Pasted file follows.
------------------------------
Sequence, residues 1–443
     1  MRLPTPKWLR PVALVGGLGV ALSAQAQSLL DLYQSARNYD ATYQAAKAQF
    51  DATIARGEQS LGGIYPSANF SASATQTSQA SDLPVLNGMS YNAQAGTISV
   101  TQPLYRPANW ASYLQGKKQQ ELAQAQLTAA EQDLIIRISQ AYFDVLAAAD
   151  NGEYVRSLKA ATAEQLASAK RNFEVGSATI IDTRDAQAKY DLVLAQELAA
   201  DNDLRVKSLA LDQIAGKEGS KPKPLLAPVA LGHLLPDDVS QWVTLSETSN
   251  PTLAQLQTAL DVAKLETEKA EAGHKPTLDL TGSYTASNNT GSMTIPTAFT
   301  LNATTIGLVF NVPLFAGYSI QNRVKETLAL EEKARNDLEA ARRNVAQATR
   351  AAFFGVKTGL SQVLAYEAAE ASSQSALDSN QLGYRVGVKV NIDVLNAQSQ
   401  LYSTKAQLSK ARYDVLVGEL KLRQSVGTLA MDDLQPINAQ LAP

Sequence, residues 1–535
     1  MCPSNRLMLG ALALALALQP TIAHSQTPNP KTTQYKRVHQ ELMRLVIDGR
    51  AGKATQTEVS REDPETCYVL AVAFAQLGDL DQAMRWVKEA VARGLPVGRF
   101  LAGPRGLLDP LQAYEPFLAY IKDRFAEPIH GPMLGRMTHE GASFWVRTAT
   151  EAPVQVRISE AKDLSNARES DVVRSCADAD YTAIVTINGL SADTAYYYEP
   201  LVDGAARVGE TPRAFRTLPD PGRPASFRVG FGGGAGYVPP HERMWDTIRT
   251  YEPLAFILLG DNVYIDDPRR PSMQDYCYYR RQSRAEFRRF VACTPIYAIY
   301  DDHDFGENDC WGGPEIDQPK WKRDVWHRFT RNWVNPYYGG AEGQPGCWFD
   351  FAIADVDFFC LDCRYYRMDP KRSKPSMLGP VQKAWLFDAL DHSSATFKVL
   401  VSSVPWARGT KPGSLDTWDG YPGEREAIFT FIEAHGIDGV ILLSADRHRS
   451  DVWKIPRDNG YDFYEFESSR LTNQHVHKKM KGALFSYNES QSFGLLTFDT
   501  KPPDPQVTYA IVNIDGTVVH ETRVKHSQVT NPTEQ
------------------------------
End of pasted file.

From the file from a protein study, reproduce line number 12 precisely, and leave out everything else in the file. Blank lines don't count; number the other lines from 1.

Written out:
     1  MCPSNRLMLG ALALALALQP TIAHSQTPNP KTTQYKRVHQ ELMRLVIDGR